PTAs Detail Big Donations on Volunteer Hours, Money

The final PTA Council report for the 2018-19 school year indicates the network contributed nearly $860,000 and more than 157,000 volunteer hours to the San Marino Unified School District throughout the year.
The SMUSD Board of Education accepted the report at its meeting last week, during which outgoing PTA Council President Christina Pink highlighted the work of each school’s organization before yielding the floor for individual presentations by the schools’ outgoing presidents.
“Your tireless dedication to each of your schools is beyond compare, and you have achieved so much at your respective schools this year,” Pink told the outgoing presidents.
The organizations allocated a collective $859,417.89 at the district’s four schools throughout the year — $94,586.88 from the San Marino High School PTSA, $167,400 from the Huntington Middle School PTA, $320,699 from the Carver Elementary School PTA and $276.732.01 from the Valentine Elementary School PTA.
Volunteers with each organization also netted 157,370 volunteer hours for the year, an amount valued at nearly $2 million in minimum-wage dollars, according to Pink.
The PTA Council had 2,118 volunteer hours, with the SMHS PTSA contributing 69,355 hours, the HMS PTA contributing 13,031, the Carver PTA contributing 30,742 and the Valentine PTA contributing 42,124.
In addition to Pink, the outgoing organization presidents are Ann Boutin at SMHS, Krishna Rao at HMS, Jackie Chuang at Carver and Zarana Patel at Valentine.
The school board also heard an update from Facilities Advisory Committee chair Jeanie Caldwell on how the group was working on its analysis of district facilities and preparing recommendations for board consideration.
Caldwell, a former school board member, noted that the committee’s impression of the district’s facilities is that they are in generally good condition, but in some cases need repairs or upgrades, either to replace defunct utilities or to address back maintenance issues. The high-volume use of the facilities contributes to this phenomenon, she said.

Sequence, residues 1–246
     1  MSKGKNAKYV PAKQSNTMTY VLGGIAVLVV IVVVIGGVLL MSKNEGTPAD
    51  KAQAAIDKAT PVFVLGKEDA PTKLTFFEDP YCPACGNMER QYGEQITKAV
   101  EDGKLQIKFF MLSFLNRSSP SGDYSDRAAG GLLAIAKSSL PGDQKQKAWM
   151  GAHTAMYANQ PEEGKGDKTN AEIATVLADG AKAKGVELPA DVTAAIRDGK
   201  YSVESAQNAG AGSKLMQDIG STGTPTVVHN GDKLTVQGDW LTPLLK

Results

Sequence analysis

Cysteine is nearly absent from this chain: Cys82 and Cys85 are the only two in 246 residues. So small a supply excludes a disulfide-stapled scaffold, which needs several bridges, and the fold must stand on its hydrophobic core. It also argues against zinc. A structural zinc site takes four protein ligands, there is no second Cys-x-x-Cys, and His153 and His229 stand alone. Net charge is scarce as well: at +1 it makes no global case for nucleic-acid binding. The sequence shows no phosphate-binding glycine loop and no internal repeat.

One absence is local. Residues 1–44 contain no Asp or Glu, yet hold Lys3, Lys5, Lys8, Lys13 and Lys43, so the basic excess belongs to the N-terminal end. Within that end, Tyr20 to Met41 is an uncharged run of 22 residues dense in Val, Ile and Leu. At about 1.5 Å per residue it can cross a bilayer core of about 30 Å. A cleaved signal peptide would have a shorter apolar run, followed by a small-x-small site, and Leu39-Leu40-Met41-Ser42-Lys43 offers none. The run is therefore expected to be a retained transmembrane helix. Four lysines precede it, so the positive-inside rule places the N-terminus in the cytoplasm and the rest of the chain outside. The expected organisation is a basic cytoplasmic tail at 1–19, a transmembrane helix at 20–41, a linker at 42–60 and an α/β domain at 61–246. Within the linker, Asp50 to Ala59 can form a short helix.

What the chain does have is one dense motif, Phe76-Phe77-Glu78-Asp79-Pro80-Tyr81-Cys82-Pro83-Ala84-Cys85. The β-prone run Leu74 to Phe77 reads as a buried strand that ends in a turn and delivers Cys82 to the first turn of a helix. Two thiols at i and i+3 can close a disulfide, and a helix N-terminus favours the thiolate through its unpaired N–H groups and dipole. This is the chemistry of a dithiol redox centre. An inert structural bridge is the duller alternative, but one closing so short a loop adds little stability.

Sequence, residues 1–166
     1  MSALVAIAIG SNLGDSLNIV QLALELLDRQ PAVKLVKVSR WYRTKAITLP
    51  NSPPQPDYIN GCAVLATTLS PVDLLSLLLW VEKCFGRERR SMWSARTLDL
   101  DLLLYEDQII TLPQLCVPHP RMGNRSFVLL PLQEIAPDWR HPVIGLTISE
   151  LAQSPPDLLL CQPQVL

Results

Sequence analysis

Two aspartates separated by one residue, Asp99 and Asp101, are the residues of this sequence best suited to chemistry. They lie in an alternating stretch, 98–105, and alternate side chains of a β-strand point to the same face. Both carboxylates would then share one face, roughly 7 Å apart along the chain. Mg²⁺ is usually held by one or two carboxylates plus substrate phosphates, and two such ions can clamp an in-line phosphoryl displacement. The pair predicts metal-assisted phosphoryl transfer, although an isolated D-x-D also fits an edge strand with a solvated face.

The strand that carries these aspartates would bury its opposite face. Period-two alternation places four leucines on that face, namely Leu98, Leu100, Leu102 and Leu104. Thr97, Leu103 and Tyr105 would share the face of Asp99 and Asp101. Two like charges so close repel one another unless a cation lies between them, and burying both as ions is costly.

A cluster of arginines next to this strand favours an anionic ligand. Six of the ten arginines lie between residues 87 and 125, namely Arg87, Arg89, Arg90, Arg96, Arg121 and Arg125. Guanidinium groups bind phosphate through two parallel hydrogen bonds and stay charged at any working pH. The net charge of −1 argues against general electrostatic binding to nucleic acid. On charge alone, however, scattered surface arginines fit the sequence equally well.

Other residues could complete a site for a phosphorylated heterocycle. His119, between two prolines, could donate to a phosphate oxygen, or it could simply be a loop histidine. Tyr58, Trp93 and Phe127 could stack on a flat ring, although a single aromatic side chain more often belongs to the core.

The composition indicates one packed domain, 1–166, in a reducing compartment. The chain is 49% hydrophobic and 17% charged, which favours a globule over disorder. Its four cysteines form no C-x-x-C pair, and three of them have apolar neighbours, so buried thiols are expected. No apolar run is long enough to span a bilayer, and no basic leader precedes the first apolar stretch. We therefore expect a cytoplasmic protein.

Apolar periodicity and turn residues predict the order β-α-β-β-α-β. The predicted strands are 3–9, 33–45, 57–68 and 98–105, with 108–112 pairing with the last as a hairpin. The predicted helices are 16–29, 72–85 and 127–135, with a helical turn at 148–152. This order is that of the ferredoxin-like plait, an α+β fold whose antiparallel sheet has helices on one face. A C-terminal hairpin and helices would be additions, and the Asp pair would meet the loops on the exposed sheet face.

“We love that,” Caldwell added. “We want our community to feel welcome at our school sites. We obviously want our children to stay at those school sites. We just have to realize that it takes a toll on what those sites look like.”
Caldwell also opined that the district’s ill-fated attempt to propose a facilities bond last year to address deferred maintenance and the upgrading of facilities fell victim to a lack of information among residents, whose opinions were surveyed before the district had made its case to the community.
This issue was magnified, Caldwell added, by the fact that even some committee members misunderstood the purposes of past bond issues involving the district.
“There is a lot of things people surmise and just don’t know,” she said. “There is a lot of incorrect information out there. I think that the survey occurred before we educated [voters]. That has to happen here. What we have to do is to make sure that people are clear. In my experience, once we do that, the community is
really smart and is willing to work. I think it’s a very winnable process. I’d be shocked if it didn’t work.”

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